Eucalyptus oil is also used for disinfecting due to its antibacterial properties, thus why it was suggested to be used alongside tea tree oil in the disinfectant spray. This oil can be used to inhibit bacterial growth as well, and can even be used to reduce the appearance of bacteria in the long run as well.
It has been shown to be able to fight E. coli and other bacterias as well, especially some that cause staph infections and other throat-related bacterias as well. This oil can also be used to clean off mold, and reduce the chances of it returning.
Unsurprisingly, this oil can be used similarly to tea tree oil. It can be used in a disinfectant spray, but also in a diffuser. Using the diffuser will not disinfect surfaces, but it will help disinfect the air in the room you reside in.
This can help with airborne pathogens, thus keeping you from catching any of those illnesses or bacterias. It can also be mixed with a carrier oil and placed into the bath or on the skin in order to disinfect your skin, and remove unwanted bacteria, but is most recommended for cleaning and disinfecting your surroundings.
Aside from helping with headaches, peppermint oil can also help with disinfecting your home. Peppermint oil has the same antibacterial properties, and can actually be used to fight and inhibit the growth of C. Difficile, which is common in human feces.
So if there is any kind of bacteria similar to this, or this one, that has been spread around the house, peppermint oil can help fight it.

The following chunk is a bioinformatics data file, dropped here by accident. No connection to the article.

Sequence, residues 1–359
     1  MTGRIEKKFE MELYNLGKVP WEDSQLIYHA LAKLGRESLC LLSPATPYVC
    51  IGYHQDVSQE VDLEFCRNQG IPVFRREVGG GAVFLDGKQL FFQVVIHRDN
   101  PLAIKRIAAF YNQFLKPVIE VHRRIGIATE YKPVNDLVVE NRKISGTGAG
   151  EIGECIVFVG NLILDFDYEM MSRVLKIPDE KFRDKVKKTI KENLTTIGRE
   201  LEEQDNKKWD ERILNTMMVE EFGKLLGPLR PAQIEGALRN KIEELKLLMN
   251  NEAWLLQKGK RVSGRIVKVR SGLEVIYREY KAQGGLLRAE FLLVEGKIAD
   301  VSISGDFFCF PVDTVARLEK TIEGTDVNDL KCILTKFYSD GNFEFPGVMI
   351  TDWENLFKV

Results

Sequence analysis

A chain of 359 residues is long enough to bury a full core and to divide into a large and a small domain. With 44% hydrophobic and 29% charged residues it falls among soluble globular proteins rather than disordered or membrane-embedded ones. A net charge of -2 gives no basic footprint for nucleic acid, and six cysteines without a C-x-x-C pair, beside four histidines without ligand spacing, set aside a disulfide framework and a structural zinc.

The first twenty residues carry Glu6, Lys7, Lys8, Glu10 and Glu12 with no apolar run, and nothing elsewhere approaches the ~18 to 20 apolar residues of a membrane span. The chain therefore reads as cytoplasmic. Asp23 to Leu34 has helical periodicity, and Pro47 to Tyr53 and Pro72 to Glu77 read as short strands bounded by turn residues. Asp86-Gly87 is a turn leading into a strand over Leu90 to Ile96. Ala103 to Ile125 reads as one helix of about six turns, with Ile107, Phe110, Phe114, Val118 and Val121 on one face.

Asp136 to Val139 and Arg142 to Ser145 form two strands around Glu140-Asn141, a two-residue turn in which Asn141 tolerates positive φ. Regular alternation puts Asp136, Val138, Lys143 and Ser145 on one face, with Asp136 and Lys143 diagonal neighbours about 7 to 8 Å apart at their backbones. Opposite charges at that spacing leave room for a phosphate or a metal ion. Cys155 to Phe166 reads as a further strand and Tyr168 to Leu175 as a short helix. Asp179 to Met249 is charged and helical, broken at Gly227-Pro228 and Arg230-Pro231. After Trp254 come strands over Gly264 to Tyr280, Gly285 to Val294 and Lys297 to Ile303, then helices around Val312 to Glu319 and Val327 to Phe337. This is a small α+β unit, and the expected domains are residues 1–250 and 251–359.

Peppermint, like the others, can be coupled with other oils to maximize the effect. Some of the most beneficial oils to mix it with are lavender, eucalyptus, and lemongrass oil.
The reason lavender may be beneficial to pair with peppermint is that it also contains antibacterial properties, and was even included in a study where it was tested against pet turtle-derived bacterias. It was shown to be effective in fighting or inhibiting the spread of this bacteria, showing its strength against pathogens.
When coupled together, lavender and peppermint can be used in a spray with vinegar, or in spray with witch hazel and water. These can be used to clean and disinfect the household, including when you have pets that tend to spread bacterias within the household. Yet, it can also be coupled with eucalyptus and tea tree oil, depending on the scent or effect you prefer.
How To Use Oils To Disinfect
There are three different methods of disinfecting your home or contact surfaces that are most commonly used. The first is to mix the desired oils with a carrier oil and apply it directly.
The carrier oil helps lessen the negative effect of the oil if it touches your skin. It can cause rashes, burning sensations, and other negative side effects if applied directly, thus for this one, using a carrier oil is recommended.